Since Rhode Island health officials reported a cluster of fatal overdoses of fentanyl in spring 2013, the drug has replaced prescription painkillers and heroin as the chief driver of the nation’s opioid crisis.
In New Hampshire, fentanyl has been implicated in at least 789 deaths since 2014, or two of every three fatal overdoses. Here are four reasons why New Hampshire’s opioid epidemic is now a fentanyl crisis.
1. Chinese Connection
Prescription fentanyl, most often used to treat severe cancer and post-surgical pain, accounts for a very small portion of the drug’s black market, according to the Drug Enforcement Administration. And while an epidemic of illicit fentanyl in the mid-2000s was traced to a single clandestine lab in Mexico, the current crisis originates in China, the world’s largest manufacturer of pharmaceutical ingredients.
Weakly regulated drug manufacturers export precursor chemicals to Mexico and Canada, where they are used to make fentanyl analogues, compounds that have a slightly different chemical structure than the pharmaceutical version. The analogue is then cut and mixed with other drugs or non-psychoactive “fillers” like baby laxative before it’s sold on the street.
Most of the fentanyl-related deaths in New Hampshire involve an analogue called acetyl fentanyl, one of dozens of illicit variations of the drug.
2. Easy Money
Analogues can be many times more potent than pharmaceutical fentanyl, which is up to 50 times stronger than heroin. A fatal dose of fentanyl is minuscule, about 2 milligrams, compared to heroin, so it’s much more profitable.
The DEA estimates that a kilogram of heroin costs $6,000-$7,000 and can produce $80,000 in sales on the street. A kilogram of a fentanyl analogue costs less than $5,000 and is so potent it can be cut and processed into as many as two dozen kilos, generating $1.5 million to $2 million in profit.
Moreover, trafficking in fentanyl analogues doesn’t require a great deal of upfront cost or expertise. The precursor chemicals and equipment are relatively inexpensive and easily purchased online via the “Dark Net,” and English-language websites in China virtually guarantee shipments will arrive without detection by law enforcement.
3. Emerging Markets
Fentanyl analogues are traditionally cut with heroin, but the enormous profit margins, combined with the country’s high rates of prescription painkillers use, are driving traffickers to create new formulations.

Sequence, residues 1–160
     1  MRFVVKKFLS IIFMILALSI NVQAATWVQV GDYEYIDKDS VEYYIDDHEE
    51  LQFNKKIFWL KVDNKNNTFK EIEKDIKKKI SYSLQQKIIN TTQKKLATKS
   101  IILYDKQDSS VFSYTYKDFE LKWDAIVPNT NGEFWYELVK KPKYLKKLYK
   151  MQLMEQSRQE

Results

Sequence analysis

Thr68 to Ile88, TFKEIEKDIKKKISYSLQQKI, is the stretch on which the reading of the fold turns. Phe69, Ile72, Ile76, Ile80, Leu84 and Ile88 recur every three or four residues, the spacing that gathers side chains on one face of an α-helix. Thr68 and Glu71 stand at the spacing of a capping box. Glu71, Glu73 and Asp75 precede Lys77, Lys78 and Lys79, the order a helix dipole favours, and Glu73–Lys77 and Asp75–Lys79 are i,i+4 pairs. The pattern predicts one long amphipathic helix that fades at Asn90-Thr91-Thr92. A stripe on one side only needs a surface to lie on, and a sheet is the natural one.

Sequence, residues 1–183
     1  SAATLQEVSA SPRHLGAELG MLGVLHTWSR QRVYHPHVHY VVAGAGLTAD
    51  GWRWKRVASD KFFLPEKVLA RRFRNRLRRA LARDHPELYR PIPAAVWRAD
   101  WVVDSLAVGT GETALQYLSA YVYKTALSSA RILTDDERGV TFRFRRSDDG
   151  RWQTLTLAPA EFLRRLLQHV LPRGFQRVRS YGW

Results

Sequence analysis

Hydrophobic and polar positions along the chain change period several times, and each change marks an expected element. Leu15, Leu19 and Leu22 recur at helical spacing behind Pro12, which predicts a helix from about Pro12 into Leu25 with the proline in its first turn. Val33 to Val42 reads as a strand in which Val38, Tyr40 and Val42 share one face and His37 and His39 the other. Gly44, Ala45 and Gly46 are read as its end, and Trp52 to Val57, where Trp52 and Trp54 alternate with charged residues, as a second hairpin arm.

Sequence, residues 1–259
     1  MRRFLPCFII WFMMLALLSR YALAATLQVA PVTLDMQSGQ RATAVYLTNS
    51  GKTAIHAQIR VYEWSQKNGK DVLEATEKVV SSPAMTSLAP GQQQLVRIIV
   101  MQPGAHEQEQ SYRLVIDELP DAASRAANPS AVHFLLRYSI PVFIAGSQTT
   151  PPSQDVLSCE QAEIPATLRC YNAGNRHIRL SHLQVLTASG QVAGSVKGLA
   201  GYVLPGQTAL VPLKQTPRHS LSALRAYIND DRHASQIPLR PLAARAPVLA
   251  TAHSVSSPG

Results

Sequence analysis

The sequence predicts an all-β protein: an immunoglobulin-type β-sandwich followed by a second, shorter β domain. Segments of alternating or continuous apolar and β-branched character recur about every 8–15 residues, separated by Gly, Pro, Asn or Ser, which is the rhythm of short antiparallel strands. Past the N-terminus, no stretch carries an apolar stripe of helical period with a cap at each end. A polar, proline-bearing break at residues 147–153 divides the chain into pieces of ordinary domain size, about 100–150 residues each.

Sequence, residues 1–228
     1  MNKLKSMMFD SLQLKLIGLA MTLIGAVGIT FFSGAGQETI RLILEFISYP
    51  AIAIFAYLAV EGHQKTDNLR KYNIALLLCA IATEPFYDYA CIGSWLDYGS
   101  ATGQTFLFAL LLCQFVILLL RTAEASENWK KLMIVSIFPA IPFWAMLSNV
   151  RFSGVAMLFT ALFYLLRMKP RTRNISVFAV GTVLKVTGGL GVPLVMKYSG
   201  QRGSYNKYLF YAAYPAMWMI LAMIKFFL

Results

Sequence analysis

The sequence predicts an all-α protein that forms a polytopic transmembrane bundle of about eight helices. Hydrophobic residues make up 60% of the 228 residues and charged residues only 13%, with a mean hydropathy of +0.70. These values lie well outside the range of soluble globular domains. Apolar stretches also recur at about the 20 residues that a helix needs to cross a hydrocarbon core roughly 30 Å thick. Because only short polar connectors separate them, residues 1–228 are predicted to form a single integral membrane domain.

The DEA reports that law enforcement agencies are seizing significant quantities of counterfeit prescription drugs containing fentanyl. Between early 2014 and late 2015, for example, the agency’s New England field office seized 7,000 counterfeit 30 mg. oxycodone pills from a trafficking operation.
Fentanyl is also turning up in counterfeit non-opioid medications. After several reports of deaths from counterfeit Xanax in 2015 and 2016, the DEA issued a report, warning of the presence of fentanyl in a variety of other counterfeit prescription drugs. These versions of fentanyl can be especially dangerous: a lab analysis of one batch of counterfeit pills found doses as small as .6 milligrams of fentanyl and as high as 6.9 milligrams.
“Such wide disparity in dosing,” the report said, “reveals that the producers were likely new to incorporating fentanyl in pill production, as the fentanyl was not thoroughly mixed with the other powders before binding and pressing into pills.”
4. Troubling Trends
In October 2016, a 44-page report by the National Drug Early Warning System pushed back the curtain on the flood of fentanyl into New Hampshire.
Perhaps the most telling statistics were related to seizures of the drug by law enforcement. The number of fentanyl shipments intercepted in New Hampshire nearly quadrupled, from 225 in 2014 to 866 in 2015, while the number of heroin seizures decreased 24 percent.
In 2015, the amount of fentanyl intercepted by state and local police and the DEA - roughly 60 pounds - was more than double the amount of heroin seized. The primary source of fentanyl for central and eastern New Hampshire is Lawrence, Ma., while western parts of the state rely on traffickers in Springfield, Ma.
And, according to the report, users are increasingly becoming dealers, who are “fronted” large quantities of fentanyl or heroin from sources in Massachusetts and Connecticut for distribution in small Granite State towns and cities.
Citing intelligence collected law enforcement in the New England High Intensity Drug Trafficking Area, fentanyl and heroin are “a high threat to the region as a result of widespread availability, high incidence of addiction, association to other criminal activities, and negative economic impact.”
The graphics in this story have been updated. This story comes from the NH Opioid Reporting Project.